Volante3192 (953645) | more than 7 years ago | (#19179947)

It sounds to me like you'd have to punch the boss twice to get fired, so a Level 1 is probably like using the photocopier as an ass camera. ...and if you burned the building down, even if you weren't caught, you'd probably not have a job to worry about.

(Yea, probably just explaining a joke...but it's not often one gets to say 'ass camera'.)

Software that helps to create subtitles on Linux? (1)

Tyndareos (206375) | more than 7 years ago | (#19179381)

On the topic of making your own subtitles: can someone point me to some software that helps you to create subtitles on Linux? I have looked, but haven't found anything really yet. I would expect something that works in conjunction with a video player like mplayer that helps to record (approximate) time stamps of when the subtitles should appear. Any hints?

Re:Software that helps to create subtitles on Linu (1)

Applekid (993327) | more than 7 years ago | (#19179507)

I like Aegisub [malakith.net] .

Re:Software that helps to create subtitles on Linu (1)

vivaoporto (1064484) | more than 7 years ago | (#19179549)

SubtitleEditor [kitone.free.fr] . A screenshot [kitone.free.fr] . It is a little bit unstable, but works like a charm.

Question: (2, Insightful)

killjoy966 (655602) | more than 7 years ago | (#19179409)

Admittedly, I don't know much about the process of DVD subtitling, but I was under the impression that these were files distributed separately from the DVD rip. If that's all the site was supplying, isn't this akin to allowing the distribution of emulators but not the beloved ROM images associated with them?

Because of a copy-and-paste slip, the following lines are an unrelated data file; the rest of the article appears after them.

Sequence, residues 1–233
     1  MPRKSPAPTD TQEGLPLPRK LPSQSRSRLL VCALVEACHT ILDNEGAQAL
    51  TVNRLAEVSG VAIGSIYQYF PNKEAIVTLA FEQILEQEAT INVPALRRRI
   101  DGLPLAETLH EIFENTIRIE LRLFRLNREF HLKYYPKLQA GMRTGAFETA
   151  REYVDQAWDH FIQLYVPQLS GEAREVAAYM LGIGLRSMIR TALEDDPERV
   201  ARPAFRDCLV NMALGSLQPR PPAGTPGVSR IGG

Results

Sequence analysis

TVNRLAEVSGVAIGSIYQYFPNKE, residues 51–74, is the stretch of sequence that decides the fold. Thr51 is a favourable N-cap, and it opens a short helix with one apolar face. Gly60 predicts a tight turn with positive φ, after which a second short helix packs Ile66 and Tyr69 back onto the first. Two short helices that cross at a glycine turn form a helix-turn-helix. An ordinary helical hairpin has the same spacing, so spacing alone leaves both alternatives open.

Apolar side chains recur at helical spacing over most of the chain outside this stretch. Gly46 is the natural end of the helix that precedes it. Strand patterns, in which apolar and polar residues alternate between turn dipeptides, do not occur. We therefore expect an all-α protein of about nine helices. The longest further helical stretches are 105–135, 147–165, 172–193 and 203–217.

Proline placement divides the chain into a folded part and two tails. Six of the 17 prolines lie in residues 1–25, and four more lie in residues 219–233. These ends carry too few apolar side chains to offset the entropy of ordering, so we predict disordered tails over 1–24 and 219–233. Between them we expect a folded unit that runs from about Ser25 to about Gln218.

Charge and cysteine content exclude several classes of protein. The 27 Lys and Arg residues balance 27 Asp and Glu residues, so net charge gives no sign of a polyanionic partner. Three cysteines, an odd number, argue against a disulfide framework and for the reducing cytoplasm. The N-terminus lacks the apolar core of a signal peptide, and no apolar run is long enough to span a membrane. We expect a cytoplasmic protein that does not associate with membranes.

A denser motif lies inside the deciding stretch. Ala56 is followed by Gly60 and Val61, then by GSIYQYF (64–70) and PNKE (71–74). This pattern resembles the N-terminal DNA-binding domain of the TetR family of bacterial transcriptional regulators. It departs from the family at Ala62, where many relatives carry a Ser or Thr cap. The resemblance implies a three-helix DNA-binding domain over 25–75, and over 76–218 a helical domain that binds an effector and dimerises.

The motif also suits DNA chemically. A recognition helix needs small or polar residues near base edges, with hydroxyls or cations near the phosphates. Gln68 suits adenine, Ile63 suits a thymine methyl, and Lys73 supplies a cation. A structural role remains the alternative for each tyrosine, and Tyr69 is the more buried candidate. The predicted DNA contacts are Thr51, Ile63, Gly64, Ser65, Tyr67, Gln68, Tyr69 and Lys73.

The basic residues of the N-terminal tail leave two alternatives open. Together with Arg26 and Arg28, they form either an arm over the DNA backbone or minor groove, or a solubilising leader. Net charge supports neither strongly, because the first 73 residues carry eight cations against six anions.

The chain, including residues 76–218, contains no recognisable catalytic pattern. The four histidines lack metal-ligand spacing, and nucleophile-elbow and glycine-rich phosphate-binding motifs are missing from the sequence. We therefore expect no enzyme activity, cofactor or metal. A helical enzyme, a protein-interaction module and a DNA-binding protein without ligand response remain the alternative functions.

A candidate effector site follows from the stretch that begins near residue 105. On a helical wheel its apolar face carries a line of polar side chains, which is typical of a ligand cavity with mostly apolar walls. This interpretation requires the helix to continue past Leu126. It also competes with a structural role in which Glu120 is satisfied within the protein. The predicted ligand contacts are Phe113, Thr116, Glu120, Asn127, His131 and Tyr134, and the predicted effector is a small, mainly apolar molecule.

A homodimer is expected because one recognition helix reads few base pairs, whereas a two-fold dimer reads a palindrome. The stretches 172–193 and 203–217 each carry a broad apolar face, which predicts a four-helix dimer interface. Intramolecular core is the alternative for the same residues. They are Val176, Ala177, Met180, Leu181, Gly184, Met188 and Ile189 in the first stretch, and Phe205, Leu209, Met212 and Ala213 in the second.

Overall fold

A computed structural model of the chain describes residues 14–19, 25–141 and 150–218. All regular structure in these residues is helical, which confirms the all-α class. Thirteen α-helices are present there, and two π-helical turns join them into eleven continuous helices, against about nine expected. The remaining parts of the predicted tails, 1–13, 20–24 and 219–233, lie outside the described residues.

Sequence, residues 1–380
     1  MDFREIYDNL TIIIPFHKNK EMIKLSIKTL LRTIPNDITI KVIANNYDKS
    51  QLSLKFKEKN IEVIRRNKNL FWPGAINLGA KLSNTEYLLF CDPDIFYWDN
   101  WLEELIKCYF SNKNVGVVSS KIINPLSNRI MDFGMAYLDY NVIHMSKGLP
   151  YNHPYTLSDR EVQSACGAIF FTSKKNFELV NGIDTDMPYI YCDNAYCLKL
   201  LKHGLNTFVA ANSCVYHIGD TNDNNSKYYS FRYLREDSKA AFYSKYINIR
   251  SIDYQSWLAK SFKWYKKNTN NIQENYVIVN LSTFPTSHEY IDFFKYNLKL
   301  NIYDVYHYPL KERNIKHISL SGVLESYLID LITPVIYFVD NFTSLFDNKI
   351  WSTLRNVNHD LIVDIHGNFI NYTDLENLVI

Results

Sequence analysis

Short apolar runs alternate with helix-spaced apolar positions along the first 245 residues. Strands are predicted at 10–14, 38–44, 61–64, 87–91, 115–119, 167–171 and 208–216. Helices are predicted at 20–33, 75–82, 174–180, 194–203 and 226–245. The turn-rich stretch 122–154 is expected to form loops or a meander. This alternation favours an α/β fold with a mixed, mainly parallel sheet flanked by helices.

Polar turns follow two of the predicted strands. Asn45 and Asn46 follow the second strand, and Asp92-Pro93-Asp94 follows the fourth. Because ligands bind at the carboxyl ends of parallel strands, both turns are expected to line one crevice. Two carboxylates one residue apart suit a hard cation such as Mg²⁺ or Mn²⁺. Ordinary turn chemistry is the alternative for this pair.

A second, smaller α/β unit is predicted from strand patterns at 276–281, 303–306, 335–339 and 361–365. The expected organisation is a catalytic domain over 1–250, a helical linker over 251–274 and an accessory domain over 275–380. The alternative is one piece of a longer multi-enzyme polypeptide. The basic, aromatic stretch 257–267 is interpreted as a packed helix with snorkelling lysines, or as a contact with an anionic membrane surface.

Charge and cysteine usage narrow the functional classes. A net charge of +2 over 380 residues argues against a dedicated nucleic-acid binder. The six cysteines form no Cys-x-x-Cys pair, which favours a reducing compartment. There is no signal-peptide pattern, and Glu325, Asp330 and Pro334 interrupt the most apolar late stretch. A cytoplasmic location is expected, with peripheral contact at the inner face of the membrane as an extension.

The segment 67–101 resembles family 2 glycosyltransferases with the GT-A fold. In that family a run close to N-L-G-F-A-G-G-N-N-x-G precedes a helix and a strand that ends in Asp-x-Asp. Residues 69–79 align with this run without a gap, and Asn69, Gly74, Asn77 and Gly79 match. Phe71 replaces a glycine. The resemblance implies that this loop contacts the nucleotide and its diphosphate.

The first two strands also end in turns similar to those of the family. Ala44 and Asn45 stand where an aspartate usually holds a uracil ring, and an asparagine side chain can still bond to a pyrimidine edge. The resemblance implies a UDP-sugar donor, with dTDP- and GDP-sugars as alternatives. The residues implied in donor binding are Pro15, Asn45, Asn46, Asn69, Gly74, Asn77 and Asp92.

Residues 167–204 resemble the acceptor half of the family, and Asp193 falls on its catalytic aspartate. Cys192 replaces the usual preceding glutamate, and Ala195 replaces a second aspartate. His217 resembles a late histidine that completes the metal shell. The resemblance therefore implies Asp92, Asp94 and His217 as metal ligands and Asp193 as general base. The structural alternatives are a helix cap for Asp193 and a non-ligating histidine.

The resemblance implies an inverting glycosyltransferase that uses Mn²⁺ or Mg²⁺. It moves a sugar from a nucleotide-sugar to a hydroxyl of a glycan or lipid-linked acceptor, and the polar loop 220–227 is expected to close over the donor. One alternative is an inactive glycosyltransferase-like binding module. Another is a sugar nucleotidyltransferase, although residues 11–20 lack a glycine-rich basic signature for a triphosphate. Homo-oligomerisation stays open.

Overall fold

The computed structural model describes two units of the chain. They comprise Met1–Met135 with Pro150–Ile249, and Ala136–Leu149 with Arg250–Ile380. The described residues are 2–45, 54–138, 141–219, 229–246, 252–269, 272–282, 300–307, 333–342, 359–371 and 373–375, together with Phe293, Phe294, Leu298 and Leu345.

Understandable sort of... (5, Funny)

cptnapalm (120276) | more than 7 years ago | (#19179447)

So these guys enabled people to be able understand what the characters are saying in a movie.

I can see why this would be a threat to Hollywood.

After all, who will want to see the bulk of these films when it becomes common knowledge that behind the beautiful people and gorgeous back drops are atrocious dialogue and paint-by-numbers plots.

UPDATE ON THE STORY! (3, Funny)

Anonymous Coward | more than 7 years ago | (#19179481)

Fortunately, Polish authorities didn't realize they locked these fans on the outside of the jail cells at the same time trapping the police inside and the fans just ended up walking away.

And your point is....? (0, Troll)

PHAEDRU5 (213667) | more than 7 years ago | (#19179499)

You're amazed that Polamd has laws, and that the Polish police enforce those laws? Is that it?

I guess I understand the perspective, given that President Horehay is planning to reward the US's Mexican marine population (10 million, or so) with an amnesty.

nugget of the larger story playing out (3, Insightful)

circletimessquare (444983) | more than 7 years ago | (#19179515)